The use of narratives and stories in educational research leads to problems in interpretation, but keeps the conversation going. E Gordon, et al. EngEd (Jul. 07), 350.

Monday, July 16, 2007

Reading Research Quarterly. July/August/September 2007

Some ideas from Reading Research Quarterly (RRQ) for July/August/September 2007.

How has research changed from the 1990s to the 2000s?
From an emphasis on quantitative results to qualitative results. M Dressman. RRQ (Jul/Aug/Sept, 07), 332.

How did schools in impoverished areas of South Africa become successful?
They were safe, orderly and positive learning environments, guided by strong leaders, staffed by excellent teachers who had a shared sense of competence, pride and purpose. There were high levels of school and community involvement. Some issues were class size, the quality of replacement teachers, the future of their graduates and writing instruction. M Sailors, et al. RRQ (Jul/Aug/Sept, 07), p. 365.

What is the relationship between the author of a text and environment in which it is made?
Complex. J Rowsell & K Pahl. RRQ (Jul/Aug/Sept 07), 402.

Note: One of the reasons that research in education is not very helpful is the language in which it is reported. A good example is the following article in this issue of RRQ: "Sedimented identities in Texts: Instances of Practice." What does "sedimented identities" mean? According to the authors: "We suggest that children's identities can be instantiated within texts, a concept we call sedimented identities in texts." (J Rowsell and K Pahl, p. 388.)

Ever heard of a movement called "plain English"? Maybe the ideas in this issue of RRQ mean something to you. They mean very little to me. I don't know how many trees lost their lives to produce this issue, but I don't think it was a worthwhile sacrifice.

I'm changing the format of my reports from recent professional journals in English education to Q & A. Hope they are more readable. I find lots of good ideas in these journals. I define an "idea" as something to think about, meditate on, reflect on, raise questions about, infer from, try to apply. They are "starters." They start people to thinking. Normally, I don't comment on the ideas I report because Somewhere I read that ideas last; comments are quickly forgotten. Any comments I make will come at the end of my report where you do not have to read them. RayS.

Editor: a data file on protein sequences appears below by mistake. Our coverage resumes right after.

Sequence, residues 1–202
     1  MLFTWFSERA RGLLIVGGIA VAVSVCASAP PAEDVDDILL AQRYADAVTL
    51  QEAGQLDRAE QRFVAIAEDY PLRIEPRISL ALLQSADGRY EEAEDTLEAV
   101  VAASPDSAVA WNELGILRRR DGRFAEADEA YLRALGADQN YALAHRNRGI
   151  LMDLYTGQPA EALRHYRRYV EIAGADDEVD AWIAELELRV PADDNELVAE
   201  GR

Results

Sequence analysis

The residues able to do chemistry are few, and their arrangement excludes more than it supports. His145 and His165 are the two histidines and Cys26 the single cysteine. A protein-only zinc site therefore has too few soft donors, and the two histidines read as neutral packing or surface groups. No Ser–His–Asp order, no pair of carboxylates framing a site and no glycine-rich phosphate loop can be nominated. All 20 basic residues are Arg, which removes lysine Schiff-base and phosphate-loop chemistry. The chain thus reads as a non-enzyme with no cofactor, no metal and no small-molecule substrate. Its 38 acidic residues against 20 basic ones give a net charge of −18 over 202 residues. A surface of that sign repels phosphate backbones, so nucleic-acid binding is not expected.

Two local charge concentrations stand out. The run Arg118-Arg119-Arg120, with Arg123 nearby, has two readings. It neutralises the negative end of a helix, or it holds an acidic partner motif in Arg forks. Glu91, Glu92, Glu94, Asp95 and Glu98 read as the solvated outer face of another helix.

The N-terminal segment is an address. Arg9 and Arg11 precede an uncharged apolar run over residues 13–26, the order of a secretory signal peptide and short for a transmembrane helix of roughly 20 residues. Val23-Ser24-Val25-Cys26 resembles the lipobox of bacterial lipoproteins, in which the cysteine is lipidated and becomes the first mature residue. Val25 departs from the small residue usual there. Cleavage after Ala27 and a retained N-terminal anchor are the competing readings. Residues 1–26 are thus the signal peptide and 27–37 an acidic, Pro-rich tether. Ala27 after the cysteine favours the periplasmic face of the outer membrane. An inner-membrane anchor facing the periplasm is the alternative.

Tuesday, July 10, 2007

College Composition and Communication. June 2007.

The following ideas have been selected from the NCTE journal College Composition and Communication, June 2007.

What is the future of "English Zero" or noncredit freshman English for students whose writing skills are substandard for college level work? DH Holdstein. CCC (Jun. 07), p. 550. [The editor is asking the question in preparation for an article in the journal.]

Can skills in freshman writing courses in English be applied to other subject areas? It is assumed that first-year college writing courses can teach students writing skills that will cross disciplines in spite of our own research that writing skills in different disciplines are substantively different and that students will not transfer them anyway. D Downs & E Wardle. CCC (Jun. 07), 552-553.

Can teaching writing in English be transferred to other college courses like engineering? "What constitutes clarity or forcefulness for a scholar in English is simply different--in kind, not just degree--from what constitutes these qualities in engineering." D Downs & E Wardle. CCC (Jun. 07), 579.

What should be taught in first-year college writing courses? We need to change the focus in teaching writing in college from teaching writing for college to studying the nature of writing, period. D Downs and E Wardle. CCC (Jun. 07), 553.

In subjects other than English, what is the role of content in writing? We need to challenge the assumption that academic writing is "universal" and that writing can be taught independent of content. D Downs & E Wardle. CCC (Jun. 07), 554.